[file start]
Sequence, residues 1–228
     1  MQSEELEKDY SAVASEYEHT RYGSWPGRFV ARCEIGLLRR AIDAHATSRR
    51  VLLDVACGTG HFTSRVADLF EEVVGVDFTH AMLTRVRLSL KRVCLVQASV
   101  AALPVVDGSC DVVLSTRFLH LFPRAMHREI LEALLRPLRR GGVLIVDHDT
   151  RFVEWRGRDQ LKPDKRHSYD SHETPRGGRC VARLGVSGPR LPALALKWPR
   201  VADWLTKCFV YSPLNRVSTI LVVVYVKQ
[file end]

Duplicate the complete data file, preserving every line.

Sequence, residues 1–228
     1  MQSEELEKDY SAVASEYEHT RYGSWPGRFV ARCEIGLLRR AIDAHATSRR
    51  VLLDVACGTG HFTSRVADLF EEVVGVDFTH AMLTRVRLSL KRVCLVQASV
   101  AALPVVDGSC DVVLSTRFLH LFPRAMHREI LEALLRPLRR GGVLIVDHDT
   151  RFVEWRGRDQ LKPDKRHSYD SHETPRGGRC VARLGVSGPR LPALALKWPR
   201  VADWLTKCFV YSPLNRVSTI LVVVYVKQ